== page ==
What do your struggles to be good enough look like?

Sunday, March 10, 2019

The Time Is…




He put out a “Gone Writing” sign for the world to see. He had to set aside what was important for what was essential. He had books to write. 46 titles. He said that if he only wrote one book per year he’d be 115 when he finished. If he wrote three books per year he’d be 80.


He said the most valuable real estate on earth are cemeteries. Because of all the unfulfilled dreams buried therein: books never written, songs never sung, paintings never done, poems never penned, sculptures never shaped…








Alas for those who never sing,
But die with their music in them!

~ Oliver Wendell Holmes



In other words, people go to their graves every day without releasing into this world what God placed in them to bless humanity.


Recent life threatening trials in my own life have awakened in me the need to seize the day. Every day. When your world is shaken to its core you see just how fragile life is and how vital not to waste valuable time. At the moment I have more songs to be released and at least 3 book titles. One finished, 2 titles to go. Possibly more, as new ideas emerge.



What Legacy Will You Leave Behind?


“Oh very young, what will you leave us this time
You're only dancin' on this earth for a short while…”

~Cat Stevens


A few short years ago my youngest daughter and I discussed her new word of the day: “procrastinate.” Yesterday I found in a drawer a poem she wrote when she was very young.


Tomorrow


I’ll pick up my room
Till it’s tidy and straight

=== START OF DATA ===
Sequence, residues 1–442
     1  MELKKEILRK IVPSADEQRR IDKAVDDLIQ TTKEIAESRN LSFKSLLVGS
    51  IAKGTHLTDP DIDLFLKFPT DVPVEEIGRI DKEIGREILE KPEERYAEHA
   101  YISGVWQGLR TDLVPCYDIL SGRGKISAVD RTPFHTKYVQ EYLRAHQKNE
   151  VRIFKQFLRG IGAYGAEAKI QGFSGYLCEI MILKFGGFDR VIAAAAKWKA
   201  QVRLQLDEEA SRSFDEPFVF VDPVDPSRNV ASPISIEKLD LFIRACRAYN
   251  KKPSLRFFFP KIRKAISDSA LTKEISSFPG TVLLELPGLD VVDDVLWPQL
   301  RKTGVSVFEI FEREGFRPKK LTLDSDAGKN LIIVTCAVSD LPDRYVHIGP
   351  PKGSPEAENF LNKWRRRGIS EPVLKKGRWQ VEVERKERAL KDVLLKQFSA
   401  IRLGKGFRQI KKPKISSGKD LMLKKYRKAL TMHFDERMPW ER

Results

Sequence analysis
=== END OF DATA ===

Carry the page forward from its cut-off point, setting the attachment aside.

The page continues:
I’ll eat cabbage and broccoli
And clean my plate
I’ll visit my next door neighbor
(who’s 82) and fetch her paper
I’ll grab my nature journal
And sit under the crepe myrtle
And be a Real Writer
Like … Beatrix Potter!
Tomorrow I’ll…
Hey wait – why don’t I
Just start today?  


But back to the fellow with the 46 book titles to finish. I’ll ask you the same questions he asked me.


What dream is in your heart? 
What do you really desire to do?
 What’s holding you back?


Monday, February 18, 2019

Becoming Real


Remember the popular catchphrase from a while back, get real? The general meaning: you need a reality check. Stop believing things that aren’t true. Although, like another fashionable catchphrase, real deal, it was all relative. Because what’s true or real to one person may not be to another.

For instance, I recently engaged in a conversation with someone who had an entirely different take on real. At the brunch we gravitated toward our little corner of the world and talked shop. Two writers of opposite ilk.

“What are you working on these days?” I asked him. The wheels in his brain started turning as he searched for words to spell out in lay terms his scientific hypothesis which he hopes will aid in artificial intelligence. As he spoke, his countenance shifted from social small talk stance to deep studious mode.

By the end of his spiel I was none the wiser. Because of the language barrier. Once in a while, though, a comprehensible word emerged, at which point I’d stop him for clarification.